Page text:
22 Jan 2020

Ada Calhoun: what midlife crisis looks like for Gen X women

From Afternoons with Jesse Mulligan, 3:10 pm on 22 January 2020

Many western women born between the late '60s and the mid-80s (aka Generation X) were raised to believe they can do it all and have it all. But that's a hell of a lot of pressure – especially when perimenopause hits, says writer Ada Calhoun.

She dedicates her new book Why We Can't Sleep: Women's New Midlife Crisis to the middleaged women of America.

"You're not just imagining it and it's not just you," she says.

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Photo: supplied

At 41, Ada Calhoun had a good relationship, a career and children so when she hit a rough patch she felt bad for feeling bad.

She set out to discover if women of her generation were facing middle age with challenges women hadn't experienced before. The answer is yes, she tells Jesse Mulligan.

At first, Calhoun says she rejected the phrase midlife crisis, but she now embraces it.

'You know what, this is a crisis. It happens in midlife and it's a crisis so why not call it what it is?'

It's not a competition between who had it worse – Generation X women or their mothers, the Baby Boomer generation, Calhoun says.

It's more that women entering middle age now are grappling with a new problem.

'What women are trying to do now is so complicated and it involves so many moving parts… this is just a new thing and we've been doing it for a while without acknowledging that we're trying to do something new."

Expectations on the mothers of gen X women were lower, she says. To compensate, many raised the expectations "quite high" for their own daughters.

Generation X women were "the beta-tested version of this 'having it all thing'", Calhoun says, and it's important for their sanity to acknowledge the magnitude of what they're trying to pull off.

"Women are trying to do a lot all at once without support – and it's really eating them alive in a lot of cases."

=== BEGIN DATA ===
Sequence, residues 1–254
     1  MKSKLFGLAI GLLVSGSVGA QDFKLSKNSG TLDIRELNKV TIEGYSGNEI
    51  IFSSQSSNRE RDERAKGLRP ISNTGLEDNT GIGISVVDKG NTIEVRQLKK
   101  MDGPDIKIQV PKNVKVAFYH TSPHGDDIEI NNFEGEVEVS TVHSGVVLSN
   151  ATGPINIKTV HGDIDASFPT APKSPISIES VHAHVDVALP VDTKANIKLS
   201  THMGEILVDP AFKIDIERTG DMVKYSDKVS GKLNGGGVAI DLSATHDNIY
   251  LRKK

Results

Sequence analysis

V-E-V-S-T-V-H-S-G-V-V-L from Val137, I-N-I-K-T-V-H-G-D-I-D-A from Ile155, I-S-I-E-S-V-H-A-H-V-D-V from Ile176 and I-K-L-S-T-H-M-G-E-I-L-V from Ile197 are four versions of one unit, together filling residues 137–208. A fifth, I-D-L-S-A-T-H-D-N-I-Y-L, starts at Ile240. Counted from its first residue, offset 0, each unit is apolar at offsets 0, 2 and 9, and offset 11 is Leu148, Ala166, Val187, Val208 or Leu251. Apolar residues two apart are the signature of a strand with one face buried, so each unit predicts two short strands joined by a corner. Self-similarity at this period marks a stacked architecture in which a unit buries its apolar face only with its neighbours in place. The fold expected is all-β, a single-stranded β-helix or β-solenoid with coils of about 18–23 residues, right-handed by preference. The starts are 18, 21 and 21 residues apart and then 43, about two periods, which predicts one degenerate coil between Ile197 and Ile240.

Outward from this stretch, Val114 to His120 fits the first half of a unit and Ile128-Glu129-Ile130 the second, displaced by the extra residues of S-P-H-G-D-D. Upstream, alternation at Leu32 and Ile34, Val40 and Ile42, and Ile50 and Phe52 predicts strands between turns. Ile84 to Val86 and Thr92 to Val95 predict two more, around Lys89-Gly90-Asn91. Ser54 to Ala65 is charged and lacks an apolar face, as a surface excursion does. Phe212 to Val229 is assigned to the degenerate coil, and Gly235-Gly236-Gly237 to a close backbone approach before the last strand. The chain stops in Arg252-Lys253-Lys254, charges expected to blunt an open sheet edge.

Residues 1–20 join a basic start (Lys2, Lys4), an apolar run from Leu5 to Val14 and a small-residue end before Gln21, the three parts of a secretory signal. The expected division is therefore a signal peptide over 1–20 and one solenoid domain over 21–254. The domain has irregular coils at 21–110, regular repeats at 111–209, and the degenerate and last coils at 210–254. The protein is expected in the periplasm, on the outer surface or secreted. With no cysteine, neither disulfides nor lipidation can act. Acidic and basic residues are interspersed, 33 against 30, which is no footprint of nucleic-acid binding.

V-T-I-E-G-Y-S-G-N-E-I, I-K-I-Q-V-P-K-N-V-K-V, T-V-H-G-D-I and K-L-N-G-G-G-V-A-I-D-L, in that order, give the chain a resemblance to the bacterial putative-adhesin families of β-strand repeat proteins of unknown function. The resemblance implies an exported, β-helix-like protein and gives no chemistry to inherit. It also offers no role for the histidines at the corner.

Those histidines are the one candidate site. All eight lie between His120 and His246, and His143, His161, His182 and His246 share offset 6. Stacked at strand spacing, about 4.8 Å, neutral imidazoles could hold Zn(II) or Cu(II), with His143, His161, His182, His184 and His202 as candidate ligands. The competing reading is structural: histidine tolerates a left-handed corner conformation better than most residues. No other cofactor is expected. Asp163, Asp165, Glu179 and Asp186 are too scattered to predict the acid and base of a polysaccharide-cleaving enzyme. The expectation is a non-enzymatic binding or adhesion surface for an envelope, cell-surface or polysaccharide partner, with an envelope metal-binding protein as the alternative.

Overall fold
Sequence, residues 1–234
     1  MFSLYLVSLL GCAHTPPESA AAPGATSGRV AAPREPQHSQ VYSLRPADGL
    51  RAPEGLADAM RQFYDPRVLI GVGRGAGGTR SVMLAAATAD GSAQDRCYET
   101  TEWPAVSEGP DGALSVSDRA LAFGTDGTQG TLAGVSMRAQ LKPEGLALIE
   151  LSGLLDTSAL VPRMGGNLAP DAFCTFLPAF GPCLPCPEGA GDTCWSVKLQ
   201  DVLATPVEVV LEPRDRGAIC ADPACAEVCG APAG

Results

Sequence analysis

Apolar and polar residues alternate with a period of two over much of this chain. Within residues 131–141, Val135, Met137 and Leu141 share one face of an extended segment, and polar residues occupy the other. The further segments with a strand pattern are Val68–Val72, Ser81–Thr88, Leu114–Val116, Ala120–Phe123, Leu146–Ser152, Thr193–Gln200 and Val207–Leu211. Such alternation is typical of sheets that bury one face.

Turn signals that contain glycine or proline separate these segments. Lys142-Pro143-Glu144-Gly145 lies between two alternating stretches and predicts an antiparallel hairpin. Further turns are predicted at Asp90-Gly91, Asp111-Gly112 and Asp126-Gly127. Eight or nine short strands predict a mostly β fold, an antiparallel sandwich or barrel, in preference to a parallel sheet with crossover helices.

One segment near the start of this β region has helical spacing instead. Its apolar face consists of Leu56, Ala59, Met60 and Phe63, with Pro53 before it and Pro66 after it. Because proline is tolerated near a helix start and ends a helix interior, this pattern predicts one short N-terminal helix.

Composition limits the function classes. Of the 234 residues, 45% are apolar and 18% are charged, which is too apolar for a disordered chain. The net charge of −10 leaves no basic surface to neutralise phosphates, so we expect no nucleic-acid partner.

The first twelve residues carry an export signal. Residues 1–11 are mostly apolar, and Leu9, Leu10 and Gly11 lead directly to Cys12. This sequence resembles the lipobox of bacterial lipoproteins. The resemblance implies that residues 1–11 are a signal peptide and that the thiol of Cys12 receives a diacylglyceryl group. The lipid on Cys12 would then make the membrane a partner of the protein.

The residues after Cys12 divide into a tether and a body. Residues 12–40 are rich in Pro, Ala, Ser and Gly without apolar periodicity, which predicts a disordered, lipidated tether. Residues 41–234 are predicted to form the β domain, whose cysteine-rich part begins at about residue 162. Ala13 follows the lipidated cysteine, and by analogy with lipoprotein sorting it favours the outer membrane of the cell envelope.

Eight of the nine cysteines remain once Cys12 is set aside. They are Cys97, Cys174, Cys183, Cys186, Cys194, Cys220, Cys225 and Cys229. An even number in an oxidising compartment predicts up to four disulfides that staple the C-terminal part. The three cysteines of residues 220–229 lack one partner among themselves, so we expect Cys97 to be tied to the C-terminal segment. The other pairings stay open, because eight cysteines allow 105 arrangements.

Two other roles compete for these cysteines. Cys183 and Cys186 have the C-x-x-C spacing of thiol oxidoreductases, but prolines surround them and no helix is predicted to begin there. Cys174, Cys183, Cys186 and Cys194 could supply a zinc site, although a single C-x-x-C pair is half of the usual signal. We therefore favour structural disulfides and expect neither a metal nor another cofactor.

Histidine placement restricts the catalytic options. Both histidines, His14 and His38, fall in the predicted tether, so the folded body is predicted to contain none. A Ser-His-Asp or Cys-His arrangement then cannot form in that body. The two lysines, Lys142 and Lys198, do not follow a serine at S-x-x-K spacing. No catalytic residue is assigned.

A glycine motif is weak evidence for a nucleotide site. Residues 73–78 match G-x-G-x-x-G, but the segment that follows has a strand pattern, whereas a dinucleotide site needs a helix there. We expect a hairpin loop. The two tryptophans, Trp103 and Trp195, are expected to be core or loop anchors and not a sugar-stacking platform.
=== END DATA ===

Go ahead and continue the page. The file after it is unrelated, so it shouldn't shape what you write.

Add to this pressure of perimenopause - the ten or so years before menopause in which ovarian function steadily decreases.

In this period, most women experience symptoms like hot flashes, weight gain, especially around the middle, mood swings and lack of sleep.

Perimenopause "turns the body into a Thunderdome," Calhoun says.

Yet when it happened to her she'd never even heard the term.

"It's such a taboo subject, people don't talk about it openly, and I felt really blindsided.

"It can mean you burst into tears for no reason or you feel really down or you have changes in appetite… hormones control just about everything in our body, so women can be feeling all these feelings and not really know where they're coming from unless they know they're in the perimenopausal transition."

One friend told Calhoun she felt as though admitting to perimenopause was like saying she'd "closed up shop as a sexual being".

"I found that really tragic ... I really want women to know that it's not just them… and it's quite serious."

Calhoun says the things that helped her through perimenopause were getting a gynaecologist who understood it, going on a low-dose birth control pill, and starting up a club for female journalists to talk about this stuff honestly together.

The get-together, which is called Sob Sisters, includes fellow writer Susannah Cahalan.

'It became this great big party – a lot of drinks – and it was incredibly cathartic for everybody, I think.'

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